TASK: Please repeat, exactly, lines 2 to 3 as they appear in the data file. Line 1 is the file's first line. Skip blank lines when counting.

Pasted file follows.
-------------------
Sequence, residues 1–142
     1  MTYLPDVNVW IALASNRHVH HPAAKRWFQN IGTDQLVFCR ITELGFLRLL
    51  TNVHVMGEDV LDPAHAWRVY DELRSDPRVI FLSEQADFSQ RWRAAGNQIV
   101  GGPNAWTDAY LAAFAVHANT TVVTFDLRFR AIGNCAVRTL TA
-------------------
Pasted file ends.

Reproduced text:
     1  MTYLPDVNVW IALASNRHVH HPAAKRWFQN IGTDQLVFCR ITELGFLRLL
    51  TNVHVMGEDV LDPAHAWRVY DELRSDPRVI FLSEQADFSQ RWRAAGNQIV